There are three trends I’ll explore today, which all demonstrate the commonalities and the interconnectedness of the global economy.

The first is the low neutral rate of interest, or r-star, the second is slowing global growth, and the third is rising geopolitical tensions. All are critically important to the long-term prospects of the U.S. economy, and each tells an important story about the conditions we’re experiencing today.

Low R-star

Those of you who know me won’t be surprised that I’m starting with low r-star! The neutral rate of interest—the rate that prevails when monetary policy is neither restrictive nor accommodative—has been an area of study, and a personal passion, for the past two decades.

I could talk about r-star at great length, but you may be relieved to hear that for the purpose of this speech, there’s just one point I want to make: r-star has fallen, not only in the U.S., but around the world.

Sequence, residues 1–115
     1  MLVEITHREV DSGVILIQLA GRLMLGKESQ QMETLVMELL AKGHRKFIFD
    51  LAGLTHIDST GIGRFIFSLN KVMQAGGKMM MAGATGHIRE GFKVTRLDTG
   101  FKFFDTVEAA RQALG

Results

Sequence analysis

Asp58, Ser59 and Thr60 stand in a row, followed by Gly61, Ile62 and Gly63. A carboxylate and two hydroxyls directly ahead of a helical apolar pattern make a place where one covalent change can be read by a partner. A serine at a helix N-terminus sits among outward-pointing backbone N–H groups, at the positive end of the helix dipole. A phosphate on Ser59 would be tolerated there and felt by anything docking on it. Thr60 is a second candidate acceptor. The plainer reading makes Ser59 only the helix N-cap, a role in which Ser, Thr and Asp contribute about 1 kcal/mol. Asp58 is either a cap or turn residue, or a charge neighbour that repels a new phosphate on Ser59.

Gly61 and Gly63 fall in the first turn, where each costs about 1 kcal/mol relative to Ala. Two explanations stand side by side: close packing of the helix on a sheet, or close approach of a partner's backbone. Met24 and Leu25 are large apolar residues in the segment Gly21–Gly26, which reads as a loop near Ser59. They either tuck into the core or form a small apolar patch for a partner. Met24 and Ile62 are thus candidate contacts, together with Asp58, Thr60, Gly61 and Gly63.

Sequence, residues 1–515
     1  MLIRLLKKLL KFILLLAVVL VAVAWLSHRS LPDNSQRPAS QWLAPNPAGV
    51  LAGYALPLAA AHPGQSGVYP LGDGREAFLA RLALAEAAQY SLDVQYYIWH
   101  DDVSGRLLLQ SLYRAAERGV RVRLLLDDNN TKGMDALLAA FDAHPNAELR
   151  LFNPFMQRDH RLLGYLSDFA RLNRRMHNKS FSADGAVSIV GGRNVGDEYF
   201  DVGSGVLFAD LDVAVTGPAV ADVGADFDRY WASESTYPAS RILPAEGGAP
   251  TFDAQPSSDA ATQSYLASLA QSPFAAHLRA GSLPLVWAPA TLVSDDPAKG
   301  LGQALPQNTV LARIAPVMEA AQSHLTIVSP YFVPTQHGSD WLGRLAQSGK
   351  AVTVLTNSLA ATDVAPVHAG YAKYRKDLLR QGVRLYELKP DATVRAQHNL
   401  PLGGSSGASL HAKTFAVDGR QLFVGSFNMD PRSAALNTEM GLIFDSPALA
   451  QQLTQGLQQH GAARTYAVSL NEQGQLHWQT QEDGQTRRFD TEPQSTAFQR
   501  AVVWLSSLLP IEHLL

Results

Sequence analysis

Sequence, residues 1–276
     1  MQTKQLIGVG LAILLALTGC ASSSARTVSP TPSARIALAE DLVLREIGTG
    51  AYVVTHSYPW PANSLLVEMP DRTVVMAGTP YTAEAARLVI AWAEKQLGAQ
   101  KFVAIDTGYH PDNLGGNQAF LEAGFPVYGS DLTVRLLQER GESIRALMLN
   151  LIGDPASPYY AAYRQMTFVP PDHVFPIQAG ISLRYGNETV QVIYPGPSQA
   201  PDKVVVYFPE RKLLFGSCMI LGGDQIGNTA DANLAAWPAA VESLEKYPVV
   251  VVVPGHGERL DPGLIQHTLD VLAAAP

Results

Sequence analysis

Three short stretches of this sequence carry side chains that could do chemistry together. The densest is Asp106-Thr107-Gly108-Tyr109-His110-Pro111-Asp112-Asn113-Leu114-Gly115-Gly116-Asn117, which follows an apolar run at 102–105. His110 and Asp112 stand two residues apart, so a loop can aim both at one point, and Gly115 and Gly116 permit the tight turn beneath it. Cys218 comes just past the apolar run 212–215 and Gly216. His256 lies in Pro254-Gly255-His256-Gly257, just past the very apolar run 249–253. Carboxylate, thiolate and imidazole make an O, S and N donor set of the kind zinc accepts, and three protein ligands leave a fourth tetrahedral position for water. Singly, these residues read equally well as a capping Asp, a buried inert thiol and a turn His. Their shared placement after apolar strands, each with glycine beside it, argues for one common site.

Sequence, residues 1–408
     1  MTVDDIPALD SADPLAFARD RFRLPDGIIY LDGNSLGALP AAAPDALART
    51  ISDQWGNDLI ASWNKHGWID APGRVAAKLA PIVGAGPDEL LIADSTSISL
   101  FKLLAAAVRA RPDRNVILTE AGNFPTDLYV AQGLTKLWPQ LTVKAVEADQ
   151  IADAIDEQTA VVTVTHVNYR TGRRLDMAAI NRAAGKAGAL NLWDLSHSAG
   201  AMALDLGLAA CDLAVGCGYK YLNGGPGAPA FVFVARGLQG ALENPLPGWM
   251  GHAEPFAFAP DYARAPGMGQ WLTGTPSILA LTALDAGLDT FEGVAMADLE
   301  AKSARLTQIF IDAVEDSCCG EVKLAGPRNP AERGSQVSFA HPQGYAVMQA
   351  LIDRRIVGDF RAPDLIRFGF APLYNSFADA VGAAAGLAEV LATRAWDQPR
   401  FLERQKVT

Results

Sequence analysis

Fundamental shifts have been occurring in the two main drivers of r-star over the past two decades: demographics and productivity growth. Lower fertility rates and aging populations, as well as slower productivity growth, have pushed down r-star by as much as two percentage points in a number of developed nations.

These structural shifts are having fundamental effects on real interest rates, growth, and inflation. A number of advanced economies have inflation below desired levels and longer-term interest rates that are well below where they were a decade ago.

There are, of course, a few outliers, but the commonalities between the world’s developed economies are becoming more and more apparent.